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TypeCase: A Design Pattern for TypeIndexed Functions
, 2005
"... A typeindexed function is a function that is defined for each member of some family of types. Haskell's type class mechanism provides collections of open typeindexed functions, in which the indexing family can be extended by defining a new type class instance but the collection of functions i ..."
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Cited by 27 (11 self)
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A typeindexed function is a function that is defined for each member of some family of types. Haskell's type class mechanism provides collections of open typeindexed functions, in which the indexing family can be extended by defining a new type class instance but the collection of functions is fixed. The purpose of this paper is to present TypeCase: a design pattern that allows the definition of closed typeindexed functions, in which the index family is fixed but the collection of functions is extensible. It is inspired by Cheney and Hinze's work on lightweight approaches to generic programming. We generalise their techniques as a design pattern. Furthermore, we show that typeindexed functions with typeindexed types, and consequently generic functions with generic types, can also be encoded in a lightweight manner, thereby overcoming one of the main limitations of the lightweight approaches.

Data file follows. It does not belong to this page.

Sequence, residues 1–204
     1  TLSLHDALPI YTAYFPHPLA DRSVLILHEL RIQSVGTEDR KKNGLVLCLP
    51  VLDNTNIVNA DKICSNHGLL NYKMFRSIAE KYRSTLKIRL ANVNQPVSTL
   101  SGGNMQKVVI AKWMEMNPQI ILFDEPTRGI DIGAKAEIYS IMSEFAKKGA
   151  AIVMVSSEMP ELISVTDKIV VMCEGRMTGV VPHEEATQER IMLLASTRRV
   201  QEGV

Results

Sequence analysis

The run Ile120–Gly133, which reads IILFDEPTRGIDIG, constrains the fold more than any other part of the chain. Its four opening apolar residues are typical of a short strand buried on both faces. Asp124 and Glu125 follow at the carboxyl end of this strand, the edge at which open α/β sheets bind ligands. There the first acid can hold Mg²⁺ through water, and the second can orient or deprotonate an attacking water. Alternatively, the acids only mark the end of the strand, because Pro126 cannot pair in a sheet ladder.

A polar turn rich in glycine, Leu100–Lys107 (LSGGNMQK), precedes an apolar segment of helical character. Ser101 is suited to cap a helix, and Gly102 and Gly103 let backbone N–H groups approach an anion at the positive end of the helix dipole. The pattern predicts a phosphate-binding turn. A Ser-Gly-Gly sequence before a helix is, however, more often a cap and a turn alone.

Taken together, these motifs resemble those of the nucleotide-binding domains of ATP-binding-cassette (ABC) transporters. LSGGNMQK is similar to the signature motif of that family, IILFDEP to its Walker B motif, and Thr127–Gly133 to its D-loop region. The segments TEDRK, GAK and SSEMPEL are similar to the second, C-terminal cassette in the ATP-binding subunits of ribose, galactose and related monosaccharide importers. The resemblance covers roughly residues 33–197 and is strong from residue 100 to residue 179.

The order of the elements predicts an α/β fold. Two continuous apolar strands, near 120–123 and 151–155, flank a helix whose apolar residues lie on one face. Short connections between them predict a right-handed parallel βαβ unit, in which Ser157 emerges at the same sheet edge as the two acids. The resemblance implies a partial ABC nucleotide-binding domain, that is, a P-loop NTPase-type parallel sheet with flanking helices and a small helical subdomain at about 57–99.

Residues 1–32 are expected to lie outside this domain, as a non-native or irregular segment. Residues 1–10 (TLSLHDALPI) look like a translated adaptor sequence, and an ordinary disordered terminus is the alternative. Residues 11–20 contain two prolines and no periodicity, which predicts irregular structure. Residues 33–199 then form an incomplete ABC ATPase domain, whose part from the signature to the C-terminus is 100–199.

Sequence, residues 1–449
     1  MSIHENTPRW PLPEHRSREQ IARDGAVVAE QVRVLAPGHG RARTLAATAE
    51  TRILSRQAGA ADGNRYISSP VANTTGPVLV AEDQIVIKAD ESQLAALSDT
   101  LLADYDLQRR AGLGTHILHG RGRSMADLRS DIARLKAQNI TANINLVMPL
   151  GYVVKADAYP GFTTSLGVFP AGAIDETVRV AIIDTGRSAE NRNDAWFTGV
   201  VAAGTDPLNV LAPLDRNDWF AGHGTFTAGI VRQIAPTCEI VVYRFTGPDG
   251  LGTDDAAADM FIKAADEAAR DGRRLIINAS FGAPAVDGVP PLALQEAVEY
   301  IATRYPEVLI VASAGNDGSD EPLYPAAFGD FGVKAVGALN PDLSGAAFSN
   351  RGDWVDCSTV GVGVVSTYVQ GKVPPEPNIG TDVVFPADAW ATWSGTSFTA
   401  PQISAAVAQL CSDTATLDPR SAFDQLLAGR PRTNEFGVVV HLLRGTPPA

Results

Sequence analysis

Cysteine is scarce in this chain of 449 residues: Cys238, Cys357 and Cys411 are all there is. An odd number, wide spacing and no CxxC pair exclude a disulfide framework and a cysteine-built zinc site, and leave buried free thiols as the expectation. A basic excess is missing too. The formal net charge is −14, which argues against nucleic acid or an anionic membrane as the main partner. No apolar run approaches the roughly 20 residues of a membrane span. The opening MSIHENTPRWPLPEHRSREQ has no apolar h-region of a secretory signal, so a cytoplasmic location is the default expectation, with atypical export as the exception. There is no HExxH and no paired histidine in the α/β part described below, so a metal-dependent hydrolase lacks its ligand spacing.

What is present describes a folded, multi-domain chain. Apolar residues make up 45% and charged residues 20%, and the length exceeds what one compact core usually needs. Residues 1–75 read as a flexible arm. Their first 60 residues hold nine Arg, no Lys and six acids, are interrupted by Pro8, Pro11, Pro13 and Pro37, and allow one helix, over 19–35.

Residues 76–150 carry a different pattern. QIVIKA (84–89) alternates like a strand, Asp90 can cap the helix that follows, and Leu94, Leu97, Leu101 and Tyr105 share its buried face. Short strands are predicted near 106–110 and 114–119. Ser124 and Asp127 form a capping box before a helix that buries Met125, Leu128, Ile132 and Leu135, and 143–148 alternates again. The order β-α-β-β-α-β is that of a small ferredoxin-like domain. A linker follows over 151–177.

Comparing Libraries for Generic Programming in Haskell
, 2008
"... Datatypegeneric programming is defining functions that depend on the structure, or “shape”, of datatypes. It has been around for more than 10 years, and a lot of progress has been made, in particular in the lazy functional programming language Haskell. There are more than 10 proposals for generic p ..."
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Cited by 19 (9 self)
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Datatypegeneric programming is defining functions that depend on the structure, or “shape”, of datatypes. It has been around for more than 10 years, and a lot of progress has been made, in particular in the lazy functional programming language Haskell. There are more than 10 proposals for generic programming libraries or language extensions for Haskell. To compare and characterize the many generic programming libraries in a typed functional language, we introduce a set of criteria and develop a generic programming benchmark: a set of characteristic examples testing various facets of datatypegeneric programming. We have implemented the benchmark for nine existing Haskell generic programming libraries and present the evaluation of the libraries. The comparison is useful for reaching a common standard for generic programming, but also for a programmer who has to choose a particular approach for datatypegeneric programming.
The essence of the Iterator pattern
 McBride, Conor, & Uustalu, Tarmo (eds), Mathematicallystructured functional programming
, 2006
"... The ITERATOR pattern gives a clean interface for elementbyelement access to a collection. Imperative iterations using the pattern have two simultaneous aspects: mapping and accumulating. Various existing functional iterations model one or other of these, but not both simultaneously. We argue that ..."
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Cited by 17 (8 self)